December 2016 Tax Snacks

December 2016 Tax SnacksTax Snacks: Bite-size tax news and information on the fly

Dates to Remember

January 16: Fourth quarter estimates are due for individuals and most trusts and estates
January 31: Forms 1099-MISC reporting nonemployee compensation are due

Maine individual tax increase

Last month, Maine voters approved a ballot question that adds an additional 3% tax on the portion of individuals’ annual taxable income that exceeds $200,000. This tax is effective beginning with 2017 tax returns – not the 2016 tax returns to be filed beginning next month.

This results in a statutory rate of 10.15% for top earners in Maine. Although it has been observed that this leaves only California with a higher income tax rate, this is a bit misleading, because for a wide range of incomes, Maine taxpayers will experience a higher rate than in California (highest in the nation). For instance, based on 2016 brackets, married taxpayers filing jointly with income between approximately $200,000 and $500,000 would have a portion of their incomes taxed at 10.15% by Maine, but 9.3% by California.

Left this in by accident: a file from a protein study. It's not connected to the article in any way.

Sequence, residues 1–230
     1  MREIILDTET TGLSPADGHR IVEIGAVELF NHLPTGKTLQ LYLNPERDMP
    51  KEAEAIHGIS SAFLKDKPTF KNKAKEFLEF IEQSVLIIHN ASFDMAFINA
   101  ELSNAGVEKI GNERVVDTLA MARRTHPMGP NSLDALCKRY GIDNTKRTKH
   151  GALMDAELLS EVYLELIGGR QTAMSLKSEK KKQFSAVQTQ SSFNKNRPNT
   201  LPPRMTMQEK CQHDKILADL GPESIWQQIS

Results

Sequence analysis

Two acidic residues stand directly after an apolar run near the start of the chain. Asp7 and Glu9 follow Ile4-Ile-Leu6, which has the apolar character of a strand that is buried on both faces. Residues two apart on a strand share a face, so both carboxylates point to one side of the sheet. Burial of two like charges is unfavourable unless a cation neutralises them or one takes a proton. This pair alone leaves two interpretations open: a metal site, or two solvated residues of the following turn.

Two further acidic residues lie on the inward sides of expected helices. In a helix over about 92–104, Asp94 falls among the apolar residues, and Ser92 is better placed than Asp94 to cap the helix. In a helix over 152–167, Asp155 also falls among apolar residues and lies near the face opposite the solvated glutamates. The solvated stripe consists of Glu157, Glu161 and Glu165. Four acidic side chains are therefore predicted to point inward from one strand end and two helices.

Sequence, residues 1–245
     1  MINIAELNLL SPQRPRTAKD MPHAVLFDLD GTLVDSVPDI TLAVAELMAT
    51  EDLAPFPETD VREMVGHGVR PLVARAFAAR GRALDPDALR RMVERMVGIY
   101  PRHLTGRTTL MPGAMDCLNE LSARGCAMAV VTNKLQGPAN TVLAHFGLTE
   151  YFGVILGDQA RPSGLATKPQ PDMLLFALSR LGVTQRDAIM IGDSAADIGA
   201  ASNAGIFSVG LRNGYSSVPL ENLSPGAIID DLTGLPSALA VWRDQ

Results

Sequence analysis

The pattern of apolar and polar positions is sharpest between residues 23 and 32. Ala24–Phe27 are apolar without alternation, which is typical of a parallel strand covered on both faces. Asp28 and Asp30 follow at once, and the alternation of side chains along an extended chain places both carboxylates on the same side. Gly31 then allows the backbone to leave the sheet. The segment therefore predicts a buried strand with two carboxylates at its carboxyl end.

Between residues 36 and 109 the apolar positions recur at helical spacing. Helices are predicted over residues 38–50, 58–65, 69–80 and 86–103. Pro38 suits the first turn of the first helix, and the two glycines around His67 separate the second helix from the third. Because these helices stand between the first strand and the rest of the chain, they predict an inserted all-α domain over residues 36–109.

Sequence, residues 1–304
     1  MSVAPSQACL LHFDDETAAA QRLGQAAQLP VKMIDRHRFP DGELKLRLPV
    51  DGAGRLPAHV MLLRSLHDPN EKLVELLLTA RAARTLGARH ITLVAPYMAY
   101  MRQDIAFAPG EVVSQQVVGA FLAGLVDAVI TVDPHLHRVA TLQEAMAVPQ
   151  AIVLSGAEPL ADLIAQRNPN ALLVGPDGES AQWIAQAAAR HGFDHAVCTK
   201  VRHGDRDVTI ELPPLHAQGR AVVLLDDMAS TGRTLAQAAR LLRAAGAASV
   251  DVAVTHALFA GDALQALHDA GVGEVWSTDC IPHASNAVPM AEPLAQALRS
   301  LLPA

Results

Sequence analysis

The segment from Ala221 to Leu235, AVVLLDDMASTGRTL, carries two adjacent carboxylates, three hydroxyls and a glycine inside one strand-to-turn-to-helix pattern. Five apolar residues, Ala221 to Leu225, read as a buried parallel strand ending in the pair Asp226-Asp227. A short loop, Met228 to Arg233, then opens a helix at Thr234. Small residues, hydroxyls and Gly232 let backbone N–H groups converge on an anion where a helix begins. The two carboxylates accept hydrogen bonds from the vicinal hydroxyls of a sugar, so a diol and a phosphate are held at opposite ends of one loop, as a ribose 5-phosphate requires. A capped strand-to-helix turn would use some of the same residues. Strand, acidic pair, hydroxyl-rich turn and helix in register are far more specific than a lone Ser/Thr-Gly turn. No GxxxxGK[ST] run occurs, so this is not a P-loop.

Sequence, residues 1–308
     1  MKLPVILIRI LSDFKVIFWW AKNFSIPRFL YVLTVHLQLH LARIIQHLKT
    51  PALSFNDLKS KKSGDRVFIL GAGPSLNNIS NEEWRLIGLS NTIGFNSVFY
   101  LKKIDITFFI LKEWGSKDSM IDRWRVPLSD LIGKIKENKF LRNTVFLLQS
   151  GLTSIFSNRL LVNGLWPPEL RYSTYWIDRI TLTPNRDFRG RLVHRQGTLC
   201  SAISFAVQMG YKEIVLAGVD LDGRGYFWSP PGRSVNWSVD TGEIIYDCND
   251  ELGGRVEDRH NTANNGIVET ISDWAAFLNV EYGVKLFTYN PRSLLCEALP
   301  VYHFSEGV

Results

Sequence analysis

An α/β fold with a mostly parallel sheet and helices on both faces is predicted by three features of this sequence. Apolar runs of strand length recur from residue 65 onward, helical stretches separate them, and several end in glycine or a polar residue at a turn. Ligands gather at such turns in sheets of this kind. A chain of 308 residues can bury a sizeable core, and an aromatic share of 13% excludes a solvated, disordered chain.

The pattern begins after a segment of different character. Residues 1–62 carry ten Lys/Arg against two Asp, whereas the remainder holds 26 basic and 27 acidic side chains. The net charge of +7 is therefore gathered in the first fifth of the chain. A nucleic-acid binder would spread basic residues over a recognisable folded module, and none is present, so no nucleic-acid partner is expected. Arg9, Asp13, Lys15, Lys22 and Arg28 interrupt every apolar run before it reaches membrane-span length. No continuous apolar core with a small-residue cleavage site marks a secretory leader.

Social Security wage base increases significantly for 2017

The amount of wages subject to the 6.2% Social Security tax remained flat from 2015 to 2016 at $118,500. However, it will increase to $127,200 beginning in 2017.  The 1.45% Medicare tax continues to have no ceiling.

Disclaimer of Liability: This publication is intended to provide general information to our clients and friends. It does not constitute accounting, tax, or legal advice; nor is it intended to convey a thorough treatment of the subject matter.